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Mortgage Rates Hit 5.89%, Highest Level Since 2008

Mortgage rates touched their highest level in nearly 14 years this week, another blow to the rapidly cooling housing market.

The average rate on a 30-year fixed mortgage rose to 5.89%, topping an earlier high from June, according to a weekly survey by Freddie Mac released Thursday. This time last year, rates were below 3%.

And mortgage rates look set to continue rising. The Federal Reserve has been lifting rates to try to curtail inflation, which has driven up borrowing costs across the board. The central bank currently appears to be on a path to lift rates another 0.75 percentage point this month.

The housing market is a key focus for the Federal Reserve because rising costs there are a major component of this year’s sky-high inflation. It also is an area where Fed policy can have an outsize impact because the housing market is so sensitive to interest rates. Higher rates can add hundreds of dollars to a buyer’s monthly mortgage costs.

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“We’re all focused on the housing sector,” said Fed Vice Chairwoman Lael Brainard at a banking conference Wednesday.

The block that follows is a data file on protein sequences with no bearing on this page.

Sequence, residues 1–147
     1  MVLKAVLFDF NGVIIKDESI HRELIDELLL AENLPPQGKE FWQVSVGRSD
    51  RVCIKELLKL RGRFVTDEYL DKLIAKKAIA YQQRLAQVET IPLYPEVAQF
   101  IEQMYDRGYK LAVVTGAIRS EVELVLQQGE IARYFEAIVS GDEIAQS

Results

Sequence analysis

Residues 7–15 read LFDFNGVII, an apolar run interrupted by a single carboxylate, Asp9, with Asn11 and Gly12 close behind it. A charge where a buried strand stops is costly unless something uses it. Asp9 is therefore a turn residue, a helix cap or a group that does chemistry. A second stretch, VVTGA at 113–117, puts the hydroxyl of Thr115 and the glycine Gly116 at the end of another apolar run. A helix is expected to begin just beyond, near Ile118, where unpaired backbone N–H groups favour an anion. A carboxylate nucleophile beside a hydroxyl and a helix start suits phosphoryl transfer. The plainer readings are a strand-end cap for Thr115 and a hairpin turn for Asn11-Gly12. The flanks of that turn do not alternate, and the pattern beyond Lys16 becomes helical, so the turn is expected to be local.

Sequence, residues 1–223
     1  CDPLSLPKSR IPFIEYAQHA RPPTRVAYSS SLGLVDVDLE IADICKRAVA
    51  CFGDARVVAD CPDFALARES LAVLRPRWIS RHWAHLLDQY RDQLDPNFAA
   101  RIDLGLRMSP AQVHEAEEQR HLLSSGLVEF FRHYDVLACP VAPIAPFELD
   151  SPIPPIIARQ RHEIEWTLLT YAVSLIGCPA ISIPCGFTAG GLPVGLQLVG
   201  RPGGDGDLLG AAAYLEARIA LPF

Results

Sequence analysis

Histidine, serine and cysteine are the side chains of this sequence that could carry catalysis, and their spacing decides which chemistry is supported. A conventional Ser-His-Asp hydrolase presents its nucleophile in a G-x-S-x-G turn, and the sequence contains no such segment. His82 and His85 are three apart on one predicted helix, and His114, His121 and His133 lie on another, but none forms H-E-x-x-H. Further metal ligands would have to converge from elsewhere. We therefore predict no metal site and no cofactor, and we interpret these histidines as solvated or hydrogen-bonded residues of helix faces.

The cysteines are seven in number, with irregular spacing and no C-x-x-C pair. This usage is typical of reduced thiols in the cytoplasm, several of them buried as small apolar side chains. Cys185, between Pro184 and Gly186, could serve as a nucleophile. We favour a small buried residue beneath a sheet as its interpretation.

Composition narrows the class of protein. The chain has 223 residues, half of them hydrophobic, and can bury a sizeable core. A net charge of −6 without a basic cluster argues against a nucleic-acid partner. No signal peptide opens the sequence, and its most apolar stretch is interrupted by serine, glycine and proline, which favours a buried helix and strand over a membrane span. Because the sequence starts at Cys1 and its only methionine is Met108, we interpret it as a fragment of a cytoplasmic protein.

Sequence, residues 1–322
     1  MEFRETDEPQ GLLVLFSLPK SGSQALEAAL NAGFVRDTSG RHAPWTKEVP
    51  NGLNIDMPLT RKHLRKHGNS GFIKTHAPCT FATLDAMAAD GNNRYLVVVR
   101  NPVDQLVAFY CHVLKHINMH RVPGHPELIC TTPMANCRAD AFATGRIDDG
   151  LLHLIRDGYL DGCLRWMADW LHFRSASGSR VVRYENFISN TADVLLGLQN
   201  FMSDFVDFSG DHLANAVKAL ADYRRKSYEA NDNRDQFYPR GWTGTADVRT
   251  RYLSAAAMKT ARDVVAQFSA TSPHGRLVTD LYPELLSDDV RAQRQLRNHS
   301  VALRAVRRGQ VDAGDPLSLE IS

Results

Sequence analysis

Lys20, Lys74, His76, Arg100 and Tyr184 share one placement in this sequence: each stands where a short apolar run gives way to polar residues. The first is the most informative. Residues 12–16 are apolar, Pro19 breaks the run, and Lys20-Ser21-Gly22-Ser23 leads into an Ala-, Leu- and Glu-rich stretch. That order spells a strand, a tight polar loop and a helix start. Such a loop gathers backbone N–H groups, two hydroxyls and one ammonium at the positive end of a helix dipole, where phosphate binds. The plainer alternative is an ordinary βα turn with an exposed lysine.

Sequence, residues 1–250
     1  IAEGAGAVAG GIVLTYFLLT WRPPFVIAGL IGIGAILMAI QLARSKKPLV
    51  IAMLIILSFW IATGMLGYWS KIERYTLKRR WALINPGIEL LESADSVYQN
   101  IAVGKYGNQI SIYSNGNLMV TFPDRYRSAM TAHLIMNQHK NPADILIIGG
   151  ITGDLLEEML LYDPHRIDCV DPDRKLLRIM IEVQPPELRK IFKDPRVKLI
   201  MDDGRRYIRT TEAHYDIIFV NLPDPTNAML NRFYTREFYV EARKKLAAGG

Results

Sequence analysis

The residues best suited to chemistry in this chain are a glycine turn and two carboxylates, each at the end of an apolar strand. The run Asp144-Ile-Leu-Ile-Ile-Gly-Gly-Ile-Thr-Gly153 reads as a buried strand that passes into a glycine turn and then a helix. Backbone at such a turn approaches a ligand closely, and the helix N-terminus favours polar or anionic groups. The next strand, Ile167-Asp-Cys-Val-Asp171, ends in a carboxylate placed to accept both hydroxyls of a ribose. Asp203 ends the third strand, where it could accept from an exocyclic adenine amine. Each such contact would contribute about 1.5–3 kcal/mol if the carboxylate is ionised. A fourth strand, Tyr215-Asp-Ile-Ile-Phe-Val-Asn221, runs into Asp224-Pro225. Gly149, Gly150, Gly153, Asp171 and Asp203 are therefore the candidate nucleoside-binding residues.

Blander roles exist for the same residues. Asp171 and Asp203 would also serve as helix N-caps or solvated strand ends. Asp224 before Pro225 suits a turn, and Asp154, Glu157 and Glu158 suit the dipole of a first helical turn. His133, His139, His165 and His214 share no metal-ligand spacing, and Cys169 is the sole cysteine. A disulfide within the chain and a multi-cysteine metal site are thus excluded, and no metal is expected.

Average rate on a 30-year fixed mortgage

The record-low rates of the pandemic era had ushered in a bonanza in the mortgage market, with many companies growing rapidly by refinancing borrowers into lower-rate loans. But rising rates have slowed that business considerably, forcing some firms to lay off employees or close up shop.

Higher rates have led many buyers to think twice before purchasing a home.

When Luke Gardner moved across the country earlier this year, he and his wife went back to renting. They sold their condo in Chicago but decided to hold off buying when they got to Seattle, partly because of the uncertainty of rising rates and high home prices.

Mr. Gardner said they have continued to look for places to buy and are resigned to paying more in mortgage costs than they have ever paid before. But the shifts in the housing market have reduced the urgency to buy a place immediately.

“We’re ready to pull the trigger and financially we can do it,” Mr. Gardner said. “But we’re like, maybe there’s better days ahead, and if not, we’re fine renting for a little while.”

Still, there are wide variations in local housing markets, with some areas cooling off much more quickly than others.

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At the end of July, prices in more than 85% of large housing markets were down slightly from their peaks, according to Black Knight Inc. More than one-tenth of housing markets faced price declines of over 4%.

In the Washington, D.C., area, the market remains competitive, especially for houses that the seller stages well, said D’Ann Melnick, a real-estate agent in the area. But the buying frenzy of last year has dissipated, bringing supply and demand back into closer balance.

“A seller can’t just throw any house on the market at an inflated price and expect to be able to set their terms,” she said.